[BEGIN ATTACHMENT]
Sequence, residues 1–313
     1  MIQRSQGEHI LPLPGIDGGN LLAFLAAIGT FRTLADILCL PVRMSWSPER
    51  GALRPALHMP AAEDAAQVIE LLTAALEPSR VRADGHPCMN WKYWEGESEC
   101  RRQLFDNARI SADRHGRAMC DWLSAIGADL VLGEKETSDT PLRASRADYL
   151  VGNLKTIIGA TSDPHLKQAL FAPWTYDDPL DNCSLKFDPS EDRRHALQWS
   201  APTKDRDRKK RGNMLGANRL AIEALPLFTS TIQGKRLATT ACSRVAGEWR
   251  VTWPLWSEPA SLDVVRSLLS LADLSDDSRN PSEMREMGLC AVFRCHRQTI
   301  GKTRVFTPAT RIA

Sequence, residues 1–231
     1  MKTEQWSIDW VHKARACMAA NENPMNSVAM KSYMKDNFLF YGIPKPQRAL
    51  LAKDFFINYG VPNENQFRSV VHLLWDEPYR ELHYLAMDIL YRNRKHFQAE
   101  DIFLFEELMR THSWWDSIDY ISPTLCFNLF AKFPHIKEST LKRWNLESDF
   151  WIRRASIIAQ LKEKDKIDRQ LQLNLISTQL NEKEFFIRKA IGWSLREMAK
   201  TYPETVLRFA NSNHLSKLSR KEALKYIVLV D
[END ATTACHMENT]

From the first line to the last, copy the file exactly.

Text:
Sequence, residues 1–313
     1  MIQRSQGEHI LPLPGIDGGN LLAFLAAIGT FRTLADILCL PVRMSWSPER
    51  GALRPALHMP AAEDAAQVIE LLTAALEPSR VRADGHPCMN WKYWEGESEC
   101  RRQLFDNARI SADRHGRAMC DWLSAIGADL VLGEKETSDT PLRASRADYL
   151  VGNLKTIIGA TSDPHLKQAL FAPWTYDDPL DNCSLKFDPS EDRRHALQWS
   201  APTKDRDRKK RGNMLGANRL AIEALPLFTS TIQGKRLATT ACSRVAGEWR
   251  VTWPLWSEPA SLDVVRSLLS LADLSDDSRN PSEMREMGLC AVFRCHRQTI
   301  GKTRVFTPAT RIA

Sequence, residues 1–231
     1  MKTEQWSIDW VHKARACMAA NENPMNSVAM KSYMKDNFLF YGIPKPQRAL
    51  LAKDFFINYG VPNENQFRSV VHLLWDEPYR ELHYLAMDIL YRNRKHFQAE
   101  DIFLFEELMR THSWWDSIDY ISPTLCFNLF AKFPHIKEST LKRWNLESDF
   151  WIRRASIIAQ LKEKDKIDRQ LQLNLISTQL NEKEFFIRKA IGWSLREMAK
   201  TYPETVLRFA NSNHLSKLSR KEALKYIVLV D